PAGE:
| 20 April 2024, Saturday |

Pfizer’s hemophilia B gene therapy succeeds in late-stage study

American pharmaceutical company Pfizer Inc. reported on Thursday that a late-stage research found that its experimental gene therapy for the rare genetic bleeding illness hemophilia B had achieved its primary objective.

According to trial data, a single dose of the medication was more effective than the standard of care in lowering the rate of bleeding in patients with moderately to severely severe types of hemophilia B.

The disorder hampers the body’s ability to make a blood-clotting protein called factor IX.

Pfizer’s therapy, fidanacogene elaparvovec, is designed to help patients produce factor IX themselves after a one-time treatment, as opposed to current treatments, which focus on regular infusions of the protein.

The drugmaker licensed its hemophilia B gene therapy from Roche’s Spark Therapeutics unit in 2014 for a $20-million upfront payment.

Pfizer plans to discuss the late-stage data with regulatory authorities in Europe and the United States and share additional data for the experimental therapy at a scientific conference in early 2023.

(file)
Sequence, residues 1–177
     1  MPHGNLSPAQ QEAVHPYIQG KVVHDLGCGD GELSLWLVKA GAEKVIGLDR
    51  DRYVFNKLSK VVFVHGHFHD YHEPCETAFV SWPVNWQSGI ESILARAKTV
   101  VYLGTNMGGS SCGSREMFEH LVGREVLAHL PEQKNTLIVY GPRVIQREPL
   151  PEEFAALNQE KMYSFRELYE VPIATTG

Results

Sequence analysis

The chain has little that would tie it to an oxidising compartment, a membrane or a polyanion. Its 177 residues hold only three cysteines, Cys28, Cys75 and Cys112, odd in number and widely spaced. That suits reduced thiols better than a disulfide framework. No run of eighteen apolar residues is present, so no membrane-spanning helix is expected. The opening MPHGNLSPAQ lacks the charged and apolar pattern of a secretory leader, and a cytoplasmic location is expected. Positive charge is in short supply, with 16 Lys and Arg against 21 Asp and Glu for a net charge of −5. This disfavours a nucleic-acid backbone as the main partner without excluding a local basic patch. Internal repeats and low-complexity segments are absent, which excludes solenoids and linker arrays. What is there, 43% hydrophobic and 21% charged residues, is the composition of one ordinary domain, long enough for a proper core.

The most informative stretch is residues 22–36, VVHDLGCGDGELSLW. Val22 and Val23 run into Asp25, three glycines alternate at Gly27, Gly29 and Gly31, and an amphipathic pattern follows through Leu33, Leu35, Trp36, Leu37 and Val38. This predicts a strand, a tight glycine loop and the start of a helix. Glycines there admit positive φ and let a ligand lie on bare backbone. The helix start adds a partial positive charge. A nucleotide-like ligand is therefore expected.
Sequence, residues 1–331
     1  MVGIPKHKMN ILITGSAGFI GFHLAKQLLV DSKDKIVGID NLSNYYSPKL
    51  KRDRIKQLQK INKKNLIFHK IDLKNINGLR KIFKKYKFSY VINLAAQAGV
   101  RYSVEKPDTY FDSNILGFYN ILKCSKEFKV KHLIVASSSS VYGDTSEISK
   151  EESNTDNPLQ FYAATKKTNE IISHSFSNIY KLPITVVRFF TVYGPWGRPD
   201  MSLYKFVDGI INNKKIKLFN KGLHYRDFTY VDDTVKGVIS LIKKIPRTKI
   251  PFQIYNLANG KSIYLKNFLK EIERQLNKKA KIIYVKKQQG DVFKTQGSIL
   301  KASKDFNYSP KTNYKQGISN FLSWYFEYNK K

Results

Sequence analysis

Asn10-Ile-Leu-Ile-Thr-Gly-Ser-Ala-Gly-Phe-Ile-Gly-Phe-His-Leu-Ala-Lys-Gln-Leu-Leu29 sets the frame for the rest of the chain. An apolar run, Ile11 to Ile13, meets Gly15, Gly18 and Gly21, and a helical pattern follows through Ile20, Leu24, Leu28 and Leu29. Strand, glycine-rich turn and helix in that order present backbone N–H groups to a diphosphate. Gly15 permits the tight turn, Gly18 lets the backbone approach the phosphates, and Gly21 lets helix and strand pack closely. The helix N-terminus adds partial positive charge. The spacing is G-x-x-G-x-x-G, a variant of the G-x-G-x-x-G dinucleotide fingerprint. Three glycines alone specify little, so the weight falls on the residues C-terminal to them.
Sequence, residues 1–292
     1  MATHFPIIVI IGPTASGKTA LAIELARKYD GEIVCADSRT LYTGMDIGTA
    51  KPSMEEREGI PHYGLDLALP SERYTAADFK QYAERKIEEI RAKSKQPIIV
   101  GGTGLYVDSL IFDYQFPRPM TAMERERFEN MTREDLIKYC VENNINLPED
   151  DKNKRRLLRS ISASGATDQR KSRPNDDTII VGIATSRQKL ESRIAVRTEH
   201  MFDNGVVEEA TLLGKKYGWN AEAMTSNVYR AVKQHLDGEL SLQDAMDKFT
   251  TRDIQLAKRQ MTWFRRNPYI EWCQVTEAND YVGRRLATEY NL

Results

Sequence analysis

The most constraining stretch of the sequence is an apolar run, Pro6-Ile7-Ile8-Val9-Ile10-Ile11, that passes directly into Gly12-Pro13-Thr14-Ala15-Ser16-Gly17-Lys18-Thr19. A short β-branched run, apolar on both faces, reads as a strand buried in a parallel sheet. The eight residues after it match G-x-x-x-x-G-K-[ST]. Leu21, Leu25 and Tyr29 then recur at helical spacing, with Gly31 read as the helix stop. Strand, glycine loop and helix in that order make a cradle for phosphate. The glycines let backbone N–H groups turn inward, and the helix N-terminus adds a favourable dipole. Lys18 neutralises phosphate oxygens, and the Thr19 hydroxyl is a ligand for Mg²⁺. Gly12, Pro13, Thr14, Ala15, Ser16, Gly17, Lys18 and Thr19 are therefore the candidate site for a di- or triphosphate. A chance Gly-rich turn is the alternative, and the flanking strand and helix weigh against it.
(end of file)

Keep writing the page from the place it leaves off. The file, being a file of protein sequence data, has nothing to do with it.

According to government data, the estimated prevalence of hemophilia in the United States is 12 cases per 100,000 males for hemophilia A and 3.7 cases per 100,000 males for hemophilia B. In November, the U.S. health regulator approved the first gene therapy, CSL Ltd and uniQure’s Hemgenix, to treat hemophilia B.

Pfizer is also testing other experimental gene therapies in late-stage trials as potential treatments for the bleeding disorder hemophilia A and muscular disorder Duchenne muscular dystrophy.

  • Reuters